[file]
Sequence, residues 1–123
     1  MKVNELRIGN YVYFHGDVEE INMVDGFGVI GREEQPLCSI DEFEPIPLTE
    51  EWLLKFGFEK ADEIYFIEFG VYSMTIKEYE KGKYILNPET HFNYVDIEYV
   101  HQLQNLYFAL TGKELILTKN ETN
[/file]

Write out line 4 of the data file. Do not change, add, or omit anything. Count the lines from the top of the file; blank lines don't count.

   101  HQLQNLYFAL TGKELILTKN ETN